I’ve written before about why fevers are a good thing.  As a reminder, they both stimulate our immune system and often slow down if not directly kill infectious organisms.  Fevers aren’t comfortable, but they are useful and even important.  In fact, before we had antibiotics that were effective against syphilis, syphilis patients were sometimes infected with malaria because the high fevers associated with malaria would kill syphilis and malaria was safer than syphilis!

By suppressing a fever with aspirin or ibuprofen or Tylenol, you’re not allowing the body to go through the course of its normal immune response.  This also means that the immune system might not go through all the normal steps to effectively stop itself after the infection is clear.  The result can be a less efficient immune response or potentially even increased autoimmunity or allergies.  Our bodies have an incredible design.  Enzymes that perform different functions are temperature sensitive.  Most of our day to day enzymes function best around 98.6 degrees Fahrenheit.  Immune enzymes function better at higher temperatures.  Chronically low temperatures can mean chronically in-efficient enzyme function in almost every organ system.

How we manage a fever can have profound implications for how quickly we recover from an acute illness as well as how our bodies deal with more chronic complaints.  I think of fever as a period of clearing and detoxification.  Physiologically, the body actually shuts down digestion during a fever and instead begins to break down muscle to use as fuel.  The liver becomes activated to process all of the breakdown and the immune molecules flowing through the body.

Because digestion is shut down, eating during a fever can lead to increased toxicity and can push your body to process more than it should.  It can cause toxic undigested food to build up in the digestive tract, which can further stress the liver.  It can also pull essential resources away from fighting the infection and toward trying to deal with the food.  While hydration is vital during a fever, I do not recommend eating.

Rather than eating, consider drinking water, nettle tea, other herbal teas, vegetable broth, or very dilute juice.  If energy is very low, you might drink something like coconut water, which will provide some glucose and great electrolytes without giving the body much to break down and process.  Typically, you’d want to fast and give complete rest until the fever has been gone for at least 24 hours.  When reintroducing foods, start with broths or blended vegetable soup for the first day and then return to solid foods following your appetite afterwards.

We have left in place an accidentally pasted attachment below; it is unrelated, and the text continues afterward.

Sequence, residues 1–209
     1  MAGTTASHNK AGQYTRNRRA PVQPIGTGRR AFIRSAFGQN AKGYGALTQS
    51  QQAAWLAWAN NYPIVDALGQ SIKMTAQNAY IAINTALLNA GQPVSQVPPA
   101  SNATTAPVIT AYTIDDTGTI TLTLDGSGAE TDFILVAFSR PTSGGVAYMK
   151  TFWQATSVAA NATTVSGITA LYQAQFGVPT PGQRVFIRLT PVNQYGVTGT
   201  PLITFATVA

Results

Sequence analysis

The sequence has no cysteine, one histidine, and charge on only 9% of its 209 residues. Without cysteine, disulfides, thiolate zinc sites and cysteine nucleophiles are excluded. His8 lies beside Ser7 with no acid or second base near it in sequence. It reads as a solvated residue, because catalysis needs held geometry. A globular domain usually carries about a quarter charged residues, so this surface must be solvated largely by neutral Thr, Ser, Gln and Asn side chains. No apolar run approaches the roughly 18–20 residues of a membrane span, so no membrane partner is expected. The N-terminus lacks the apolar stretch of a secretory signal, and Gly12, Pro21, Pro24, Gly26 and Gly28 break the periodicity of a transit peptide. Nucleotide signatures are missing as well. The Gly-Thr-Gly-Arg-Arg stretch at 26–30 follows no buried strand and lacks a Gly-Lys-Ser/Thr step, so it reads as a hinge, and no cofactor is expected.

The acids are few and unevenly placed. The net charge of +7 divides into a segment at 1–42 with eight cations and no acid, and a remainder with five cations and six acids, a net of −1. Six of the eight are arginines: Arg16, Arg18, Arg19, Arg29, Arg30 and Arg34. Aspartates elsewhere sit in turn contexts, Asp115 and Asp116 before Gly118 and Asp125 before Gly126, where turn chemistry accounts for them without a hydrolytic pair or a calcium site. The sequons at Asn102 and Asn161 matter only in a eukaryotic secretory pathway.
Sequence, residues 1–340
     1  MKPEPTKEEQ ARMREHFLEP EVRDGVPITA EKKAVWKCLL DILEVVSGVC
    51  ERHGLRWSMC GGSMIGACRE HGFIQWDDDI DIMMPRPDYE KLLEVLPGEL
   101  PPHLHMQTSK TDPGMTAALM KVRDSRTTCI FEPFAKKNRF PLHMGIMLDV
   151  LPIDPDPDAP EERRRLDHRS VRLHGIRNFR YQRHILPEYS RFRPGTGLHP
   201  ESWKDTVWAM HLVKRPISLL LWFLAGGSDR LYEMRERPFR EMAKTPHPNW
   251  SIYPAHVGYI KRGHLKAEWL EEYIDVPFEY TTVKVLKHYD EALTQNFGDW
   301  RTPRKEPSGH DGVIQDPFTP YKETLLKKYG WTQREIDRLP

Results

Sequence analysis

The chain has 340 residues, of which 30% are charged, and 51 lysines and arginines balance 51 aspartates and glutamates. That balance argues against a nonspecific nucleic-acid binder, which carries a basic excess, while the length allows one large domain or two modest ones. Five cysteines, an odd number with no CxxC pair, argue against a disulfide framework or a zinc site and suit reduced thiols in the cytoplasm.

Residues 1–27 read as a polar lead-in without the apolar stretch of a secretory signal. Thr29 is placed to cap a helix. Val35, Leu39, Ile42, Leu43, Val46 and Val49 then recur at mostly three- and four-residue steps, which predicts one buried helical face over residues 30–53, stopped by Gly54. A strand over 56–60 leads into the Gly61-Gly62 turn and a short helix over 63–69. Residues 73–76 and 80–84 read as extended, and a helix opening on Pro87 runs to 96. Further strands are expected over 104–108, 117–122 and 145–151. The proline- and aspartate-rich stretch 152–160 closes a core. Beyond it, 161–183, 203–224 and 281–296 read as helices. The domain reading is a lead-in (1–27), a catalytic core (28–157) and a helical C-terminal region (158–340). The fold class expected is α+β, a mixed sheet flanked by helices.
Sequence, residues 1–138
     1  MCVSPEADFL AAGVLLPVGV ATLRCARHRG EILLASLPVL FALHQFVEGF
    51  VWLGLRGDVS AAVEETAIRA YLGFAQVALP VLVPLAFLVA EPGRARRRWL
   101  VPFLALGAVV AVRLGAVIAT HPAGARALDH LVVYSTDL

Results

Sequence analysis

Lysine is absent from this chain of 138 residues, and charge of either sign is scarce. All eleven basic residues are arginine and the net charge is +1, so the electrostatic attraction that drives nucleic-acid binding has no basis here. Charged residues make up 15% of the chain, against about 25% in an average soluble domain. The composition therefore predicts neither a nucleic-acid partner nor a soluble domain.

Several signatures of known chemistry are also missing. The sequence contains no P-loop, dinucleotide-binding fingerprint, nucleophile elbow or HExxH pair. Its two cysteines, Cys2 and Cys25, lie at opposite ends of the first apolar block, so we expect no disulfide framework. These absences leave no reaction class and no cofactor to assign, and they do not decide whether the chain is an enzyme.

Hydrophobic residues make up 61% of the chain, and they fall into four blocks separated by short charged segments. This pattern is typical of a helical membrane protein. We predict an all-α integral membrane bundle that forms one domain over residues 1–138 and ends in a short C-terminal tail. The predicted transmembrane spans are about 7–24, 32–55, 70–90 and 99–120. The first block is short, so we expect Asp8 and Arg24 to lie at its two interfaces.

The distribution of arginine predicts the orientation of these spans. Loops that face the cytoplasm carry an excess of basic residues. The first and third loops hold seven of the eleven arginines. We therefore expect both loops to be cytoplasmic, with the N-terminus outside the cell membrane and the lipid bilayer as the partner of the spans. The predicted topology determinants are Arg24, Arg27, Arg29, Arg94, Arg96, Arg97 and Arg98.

There are a few dangers to fever.  A temperature that is too high can cause organ damage, but this typically won’t occur below 107 degrees Fahrenheit.  What is far more likely is dehydration since fluids evaporate so much faster from a hotter person.  Dehydration can then cause the person to run hotter than they otherwise would, because it’s harder for the body to cool itself naturally.  Febrile seizures can occur in children and the risk is higher in a dehydrated child.  While febrile seizures typically have no lasting side effects, they can be dangerous if they go on for a long time, if the child falls and hits his or her head.  They are also scary for parents to watch!

Knowing what is normal and where the line of safety is when you haven’t navigated a fever this way can sometimes feel a little scary.  It’s a good idea to call your doctor and let them know what is going on so they can help you manage.  Your naturopath can help you assess if hydration is adequate or if the fever is getting too high.  We typically recommend that you call us before the fever hits a dangerous stage so we can reduce your anxiety and help you know how to keep the fever in a safe and useful range.  In an infant under 3 months, if the temp reaches 101 call right away.  For children 3 months to 13 years, call if the fever has been over 102 for more than 48 hours.  Adults don’t tend to spike fevers quite as high, so you may want to call with a temp over 101.5 for more than 48 hours.  Remember that fevers will often go up by a degree in the evening, so a relatively high fever in the morning can become an intense fever later in the day.  We’re always here to help you manage the fever safely, so even if you’re not sure about a lower fever, we’d prefer that you call than worry.   Naturopathic care also has many supportive measures that can help the fever feel less uncomfortable without suppressing it.  These include particular herbs, homeopathy, or use of hydrotherapy.

By Erin Westaway, ND

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